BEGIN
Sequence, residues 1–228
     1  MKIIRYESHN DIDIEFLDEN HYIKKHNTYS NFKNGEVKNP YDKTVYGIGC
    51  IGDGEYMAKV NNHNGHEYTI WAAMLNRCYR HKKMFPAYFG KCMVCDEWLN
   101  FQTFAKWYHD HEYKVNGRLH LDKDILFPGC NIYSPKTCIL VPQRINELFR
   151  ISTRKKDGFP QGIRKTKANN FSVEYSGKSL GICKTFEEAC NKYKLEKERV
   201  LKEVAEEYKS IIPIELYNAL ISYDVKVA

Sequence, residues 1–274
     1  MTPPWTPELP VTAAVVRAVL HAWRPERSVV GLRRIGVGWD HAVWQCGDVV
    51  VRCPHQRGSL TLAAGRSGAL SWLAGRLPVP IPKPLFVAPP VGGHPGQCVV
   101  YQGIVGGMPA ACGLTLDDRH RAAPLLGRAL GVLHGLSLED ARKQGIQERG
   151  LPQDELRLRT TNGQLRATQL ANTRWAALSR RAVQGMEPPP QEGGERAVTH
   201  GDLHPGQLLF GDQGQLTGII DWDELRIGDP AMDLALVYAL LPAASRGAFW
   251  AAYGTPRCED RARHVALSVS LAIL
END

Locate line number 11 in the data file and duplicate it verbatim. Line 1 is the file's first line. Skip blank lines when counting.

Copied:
   151  LPQDELRLRT TNGQLRATQL ANTRWAALSR RAVQGMEPPP QEGGERAVTH